Open-access content Tuesday 4th June 2013 — updated 4.00pm, Tuesday 26th May 2020
The role of FM in informing the design of a building prior to its construction may have been peripheral in the past, but that's all changing.
4 June 2013
Last month, a new and heavily revised version of the Royal Institute of British Architects (RIBA)'s long-established framework for the structuring of construction projects was introduced.
The new framework enshrines the requirements of building information modelling - and should ensure that construction project managers factor in the likely operational performance of the building they're looking to build.
It's called the RIBA 'Plan of Work' (POW), and its incorporation of two new stages - 'Strategic Definition' at the beginning of the process and 'In Use' at the end - holds considerable promise for the involvement of FM.
Last July, RIBA commenced a project to fundamentally change the POW - a document used
for the past 50 years by most UK architects (and many international ones) when planning new construction projects. The POW has been accepted as the definitive UK model for the building design and construction process since its introduction back in 1963, during an era when the regulatory framework for building design and construction, industry structures and procurement arrangements was far simpler than it is today.
Back in 1963, the very idea of Building Information Modelling (BIM), or of the government mandating all of its construction projects be based on BIM, would have seemed outlandish. Today, technology has made BIM possible - and the new RIBA POW makes use of these technological advances.
The POW framework has been amended over time to reflect developments in project team organisation and procurement approaches, but to date these have been incremental and reactive to changing circumstances, rather than strategically driven. The RIBA POW has thus far been revised four times (1967, 1973, 1998 and 2007), but this fifth revision is the most significant, from a facilities management perspective, by some distance.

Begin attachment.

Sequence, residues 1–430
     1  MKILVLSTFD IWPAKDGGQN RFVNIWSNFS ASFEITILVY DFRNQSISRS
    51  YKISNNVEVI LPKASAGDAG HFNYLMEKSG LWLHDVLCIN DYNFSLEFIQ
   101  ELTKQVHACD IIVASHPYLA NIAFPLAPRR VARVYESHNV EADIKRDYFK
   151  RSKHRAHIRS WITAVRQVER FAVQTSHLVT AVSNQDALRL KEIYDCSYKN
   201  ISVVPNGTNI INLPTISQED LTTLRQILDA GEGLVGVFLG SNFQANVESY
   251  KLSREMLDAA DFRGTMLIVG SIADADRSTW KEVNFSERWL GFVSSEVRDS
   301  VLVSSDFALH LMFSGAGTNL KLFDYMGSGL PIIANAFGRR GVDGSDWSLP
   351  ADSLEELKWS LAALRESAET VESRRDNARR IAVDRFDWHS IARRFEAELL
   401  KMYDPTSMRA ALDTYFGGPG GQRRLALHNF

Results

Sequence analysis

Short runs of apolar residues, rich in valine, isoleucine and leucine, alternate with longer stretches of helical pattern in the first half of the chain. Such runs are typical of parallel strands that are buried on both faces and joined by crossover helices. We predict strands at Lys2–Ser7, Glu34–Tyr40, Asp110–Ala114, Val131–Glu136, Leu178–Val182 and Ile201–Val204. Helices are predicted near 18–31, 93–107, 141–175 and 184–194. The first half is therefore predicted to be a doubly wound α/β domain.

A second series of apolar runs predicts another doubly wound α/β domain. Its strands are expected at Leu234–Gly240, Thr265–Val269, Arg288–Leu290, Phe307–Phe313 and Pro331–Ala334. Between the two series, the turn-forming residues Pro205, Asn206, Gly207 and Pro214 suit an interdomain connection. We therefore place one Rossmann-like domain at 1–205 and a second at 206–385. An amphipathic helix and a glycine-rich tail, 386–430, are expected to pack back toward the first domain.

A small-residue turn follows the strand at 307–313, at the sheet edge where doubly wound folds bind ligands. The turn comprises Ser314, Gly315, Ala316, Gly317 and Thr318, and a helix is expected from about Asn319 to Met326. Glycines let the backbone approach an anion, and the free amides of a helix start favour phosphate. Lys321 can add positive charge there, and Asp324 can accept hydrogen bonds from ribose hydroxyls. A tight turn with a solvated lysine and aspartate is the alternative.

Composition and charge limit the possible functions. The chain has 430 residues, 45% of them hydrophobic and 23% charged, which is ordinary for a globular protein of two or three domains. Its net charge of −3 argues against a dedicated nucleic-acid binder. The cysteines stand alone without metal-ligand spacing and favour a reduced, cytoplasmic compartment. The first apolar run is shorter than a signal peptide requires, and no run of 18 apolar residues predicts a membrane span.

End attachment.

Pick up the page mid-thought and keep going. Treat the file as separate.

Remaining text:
The genesis of this new RIBA POW lies in publication in 2011 of the Government Construction Strategy. Working with the Construction Industry Council (CIC), RIBA set about re-shaping the POW with a set of unified work stages suitable for use by - critically - all the members of a design and construction team. This they saw as a "once in a generation opportunity to update the industry's process model, to address key changes in areas such a procurement, town planning, sustainability, BIM and construction delivery".
The newly introduced 2013 POW is described by RIBA as "a fundamental reworking". From a traditional model, comprising 11 work stages, the new version consists of eight. Added to these are additional, context-specific 'task bars' that are assigned, if required, as you build your POW document.
Therein lies one of the other big changes: the RIBA POW now works as an online tool. Users can customise POW models for their organisation and/or project, and assign relevant task bars at set-up stage. The aim, says RIBA, is to "enable greater integration across the industry". The document is supported by the CIC, of which the BIFM is a member.
Until the new POW's launch, the RIBA Plan of Work (2007) consisted of 11 work stages defined by the letters A-L, each with a description of the key tasks to be completed at each stage. The new POW consolidates this down to eight work stages defined by numbers 0-7, but these are augmented by eight project-specific 'task bars' that replace the description of key tasks, three of which (procurement, programme and planning) can be customised by the user.
Other task bars include one for 'suggested key support tasks', detailing the activities required to embed BIM into the process, one for 'sustainability checkpoints' and one to build in UK government information exchange requirements.
The 11 work stages of the old POW have been incorporated into new stages numbered 1-7, but the opportunity for FM is in two entirely new stages. The first, 'Stage 0', is entitled 'Strategic Definition'. It's at this initial stage that a project is strategically appraised and defined before a detailed brief is created. RIBA says that this is "particularly relevant in the context of sustainability when a refurbishment or extension, or indeed a rationalised space plan, may be more appropriate than a new building". The point is to test the validity of the construction project in all its facets prior to giving it the green light.